Exoneree Dewey Bozella Publishes Autobiography

12.07.16 By Ariana Costakes

Exoneree Dewey Bozella Publishes Autobiography

Dewey Bozella served 26 years in prison for a crime he did not commit before his exoneration in 2009. His memoirs, Stand Tall: Fighting for My Life, Inside and Outside the Ring, were published on Tuesday by Harper-Collins.

Bozella was only 16 when he was first arrested for the murder of a 92-year-old woman in Poughkeepsie, New York. The first grand jury refused to indict him due to lack of evidence, but prosecutors persisted. Years later, two jail house informants, who were release from prison for their cooperation, implicated Bozella in the crime. In 1983, a jury convicted Bozella of second-degree murder and he was sentenced to 20 years to life in prison.

Bozella was retried and convicted twice and in 2007 witness statements were uncovered which contradicted testimony provided at trial and were never turned over to the defense. It was also discovered that police never followed up on an alternate suspect who had committed a nearly identical crime and whose thumbprint was found at the scene. His conviction was overturned in October 2009 and he was released. The prosecution dismissed all charges.

In 2011, Bozella was presented with the ESPY Arthur Ashe Courage Award for triumph over adversity.

In his new book, Bozella recounts his life story, from his childhood in foster care, to his wrongful conviction and exoneration, to his career as a champion boxer. He relives the agony of being denied parole four times and of living in a cellblock with his brother’s murderer and, eventually, with the person who likely committed the crime for which he was convicted.

We sat down to speak with Bozella about the book and his hopes for the future. His responses were edited for length and clarity.

Innocence Blog: What first inspired you to write an autobiography? 

Dewey Bozella: After 30 for 30 did the video about my case for the ESPY awards, people started coming up to me and telling me to write it. At first I was like “nah” but once I opened up and started writing, that was it. Also, I travel around the world telling the public about my story at speaking engagements, so once I started writing I said, “Ok, this makes sense.”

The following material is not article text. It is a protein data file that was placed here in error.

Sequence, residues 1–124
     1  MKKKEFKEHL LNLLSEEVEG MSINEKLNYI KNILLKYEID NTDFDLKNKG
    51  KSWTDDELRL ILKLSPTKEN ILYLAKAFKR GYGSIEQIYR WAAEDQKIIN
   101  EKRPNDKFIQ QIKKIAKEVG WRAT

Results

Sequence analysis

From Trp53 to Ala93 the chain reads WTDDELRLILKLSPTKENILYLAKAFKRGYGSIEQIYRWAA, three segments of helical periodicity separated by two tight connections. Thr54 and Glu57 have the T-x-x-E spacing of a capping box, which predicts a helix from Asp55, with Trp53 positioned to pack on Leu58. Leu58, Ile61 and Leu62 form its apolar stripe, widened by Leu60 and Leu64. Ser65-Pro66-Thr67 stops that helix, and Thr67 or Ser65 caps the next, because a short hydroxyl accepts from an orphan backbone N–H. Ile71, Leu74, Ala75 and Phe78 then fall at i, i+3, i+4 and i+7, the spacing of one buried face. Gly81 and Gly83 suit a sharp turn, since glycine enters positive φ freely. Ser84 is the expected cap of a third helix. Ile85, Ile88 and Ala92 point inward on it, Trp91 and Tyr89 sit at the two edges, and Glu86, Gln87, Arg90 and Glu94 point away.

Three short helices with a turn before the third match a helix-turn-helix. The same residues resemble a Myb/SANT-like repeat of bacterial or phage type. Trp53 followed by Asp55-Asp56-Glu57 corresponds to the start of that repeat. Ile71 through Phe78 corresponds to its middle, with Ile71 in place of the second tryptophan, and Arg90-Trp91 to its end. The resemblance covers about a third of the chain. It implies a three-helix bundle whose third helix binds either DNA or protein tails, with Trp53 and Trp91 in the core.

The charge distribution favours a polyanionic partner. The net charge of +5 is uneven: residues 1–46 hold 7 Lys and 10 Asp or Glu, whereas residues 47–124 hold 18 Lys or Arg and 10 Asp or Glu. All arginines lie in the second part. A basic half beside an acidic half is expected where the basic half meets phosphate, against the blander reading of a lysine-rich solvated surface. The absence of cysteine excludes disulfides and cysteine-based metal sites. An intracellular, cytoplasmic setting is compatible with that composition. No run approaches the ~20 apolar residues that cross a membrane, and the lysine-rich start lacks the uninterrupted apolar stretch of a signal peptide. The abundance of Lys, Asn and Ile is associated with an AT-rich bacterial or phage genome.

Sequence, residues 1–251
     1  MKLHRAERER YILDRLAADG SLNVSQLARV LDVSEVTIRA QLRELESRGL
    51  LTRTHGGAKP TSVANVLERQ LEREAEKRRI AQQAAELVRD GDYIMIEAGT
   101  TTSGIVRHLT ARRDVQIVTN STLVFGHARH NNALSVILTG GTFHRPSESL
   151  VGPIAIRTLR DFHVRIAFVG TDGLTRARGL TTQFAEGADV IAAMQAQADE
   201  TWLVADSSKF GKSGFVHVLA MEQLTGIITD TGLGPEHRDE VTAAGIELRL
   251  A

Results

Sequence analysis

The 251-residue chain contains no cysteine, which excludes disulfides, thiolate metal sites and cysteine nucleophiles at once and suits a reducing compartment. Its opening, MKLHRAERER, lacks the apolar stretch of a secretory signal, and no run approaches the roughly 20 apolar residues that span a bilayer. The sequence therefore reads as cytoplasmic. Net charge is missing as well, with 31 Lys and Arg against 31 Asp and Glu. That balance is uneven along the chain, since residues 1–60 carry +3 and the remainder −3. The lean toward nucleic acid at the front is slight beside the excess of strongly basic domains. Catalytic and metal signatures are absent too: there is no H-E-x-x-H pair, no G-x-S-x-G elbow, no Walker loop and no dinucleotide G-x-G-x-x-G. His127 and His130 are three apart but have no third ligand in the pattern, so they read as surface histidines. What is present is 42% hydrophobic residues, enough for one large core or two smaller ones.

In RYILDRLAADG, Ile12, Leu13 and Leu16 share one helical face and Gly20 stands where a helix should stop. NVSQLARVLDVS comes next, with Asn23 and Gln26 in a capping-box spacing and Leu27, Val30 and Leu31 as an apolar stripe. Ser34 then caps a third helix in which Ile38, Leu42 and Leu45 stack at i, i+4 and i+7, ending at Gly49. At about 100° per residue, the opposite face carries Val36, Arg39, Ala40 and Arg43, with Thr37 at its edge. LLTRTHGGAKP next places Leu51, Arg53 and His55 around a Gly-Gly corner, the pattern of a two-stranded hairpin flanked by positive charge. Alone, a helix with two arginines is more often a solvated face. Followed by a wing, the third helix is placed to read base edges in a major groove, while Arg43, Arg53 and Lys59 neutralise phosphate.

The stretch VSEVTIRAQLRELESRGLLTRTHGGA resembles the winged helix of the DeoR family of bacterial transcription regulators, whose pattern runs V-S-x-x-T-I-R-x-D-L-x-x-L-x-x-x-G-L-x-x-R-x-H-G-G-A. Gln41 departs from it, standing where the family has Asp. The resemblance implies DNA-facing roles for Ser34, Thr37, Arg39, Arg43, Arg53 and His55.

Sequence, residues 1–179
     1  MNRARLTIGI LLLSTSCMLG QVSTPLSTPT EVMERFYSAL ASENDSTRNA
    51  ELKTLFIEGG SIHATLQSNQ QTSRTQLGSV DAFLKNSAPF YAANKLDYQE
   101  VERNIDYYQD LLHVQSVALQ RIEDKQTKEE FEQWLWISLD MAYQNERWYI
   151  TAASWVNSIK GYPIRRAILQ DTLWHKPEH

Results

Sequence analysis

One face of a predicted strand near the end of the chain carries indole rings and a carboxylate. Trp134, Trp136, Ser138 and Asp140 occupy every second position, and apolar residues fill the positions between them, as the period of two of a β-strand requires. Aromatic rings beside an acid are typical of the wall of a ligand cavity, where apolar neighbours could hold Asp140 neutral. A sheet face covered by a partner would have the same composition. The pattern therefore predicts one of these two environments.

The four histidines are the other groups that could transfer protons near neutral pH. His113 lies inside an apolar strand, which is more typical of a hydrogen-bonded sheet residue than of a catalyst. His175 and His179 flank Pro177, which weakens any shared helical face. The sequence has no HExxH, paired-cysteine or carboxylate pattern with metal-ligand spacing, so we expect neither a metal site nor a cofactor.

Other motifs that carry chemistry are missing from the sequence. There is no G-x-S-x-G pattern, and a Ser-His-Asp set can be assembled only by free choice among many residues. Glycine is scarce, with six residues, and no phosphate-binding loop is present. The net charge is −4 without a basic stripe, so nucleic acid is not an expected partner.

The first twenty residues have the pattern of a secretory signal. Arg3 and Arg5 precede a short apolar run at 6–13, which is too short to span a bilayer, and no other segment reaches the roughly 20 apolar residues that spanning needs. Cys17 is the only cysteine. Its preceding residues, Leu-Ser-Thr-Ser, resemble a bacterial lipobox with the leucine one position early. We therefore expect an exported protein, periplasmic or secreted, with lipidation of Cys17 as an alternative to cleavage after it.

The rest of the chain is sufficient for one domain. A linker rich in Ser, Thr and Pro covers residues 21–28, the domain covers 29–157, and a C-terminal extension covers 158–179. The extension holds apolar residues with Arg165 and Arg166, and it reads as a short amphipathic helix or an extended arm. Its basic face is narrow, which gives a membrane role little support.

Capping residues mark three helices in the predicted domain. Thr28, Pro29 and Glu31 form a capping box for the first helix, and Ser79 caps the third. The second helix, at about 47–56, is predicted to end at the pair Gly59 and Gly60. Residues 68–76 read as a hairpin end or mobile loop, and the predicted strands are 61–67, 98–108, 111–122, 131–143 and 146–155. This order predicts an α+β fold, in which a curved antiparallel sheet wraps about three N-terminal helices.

IB: How did you go about writing the book? Did you have journals or other writings that you had accumulated over time?

DB: I didn’t. I just told the God’s honest truth, that’s why it was so easy. I just thought about the questions: What made me strong? What made me angry? How did I get over it? What made me a better person?

IB: What was the hardest part about revisiting the past for your book?

DB: Facing the guy that murdered my brother and being resentenced two times. Then over the years one of my brothers being stabbed, one being shot in the head, one dying of AIDS, not having my mother in my life, trying to understand my family.

Prison did so much damage. It took years for me to realize the value of people. When you do time you see people die right in front of you—see people murdered—so you have to learn to value other people’s lives.

IB: What do you hope readers will get from this book?

DB: I hope that it influences people to never give up, [shows them] that there is always someone in a worse position than you. Not to hold on to anger or pain, to learn about love, peace, joy and laughter. Don’t allow yourself to be trapped in a box, mad every day of your life, you can move forward and laugh and smile instead.

First learn how to forgive yourself and then you can forgive others. Get over your fear. Make a commitment to something and be persistent in achieving that. Stop blaming other people for your situation and take responsibility for yourself first. Then you can move on with your life. Have hope and faith in what you believe in. Love, peace, joy and laughter—that’s what I try to instill in people. Life is what you make of it.

IB: What would you say to someone facing a similar wrongful conviction?

DB: I can’t tell anyone what to do, but if you have a choice to plead guilty to something you didn’t do, just ask yourself, “Can I live with the consequences?” Are you ready to die for what you believe in? I said I would rather die in prison than say I committed this crime. Even if I was facing the electric chair, I was ready to do that. It is a life or death decision and my advice is to do what is going to give you peace. That’s a choice you have to make.

IB: What would you say to someone who is serving time for a crime they did not commit?

DB: If you didn’t cop out in the courtroom or take a plea deal, then you are already on the right path. You are fighting for a cause that is worthy.

It took me 32 years to prove my innocence. I spent a total of 37 years in court, from the first arrest to my exoneration, then five years on the lawsuit. But that was my sacrifice, that’s what I wanted to do. Are you up for that? Are you man or woman enough to see that through?

That’s what I try to share with people in the book. Anyone going through hurt and pain and frustration, somewhere along the line it is going to hit home for them. I’ve been through it all and I can’t say I have all the answers but I can tell you what I have learned.

You can purchase Stand Tall in hardcover or as an E-book here.




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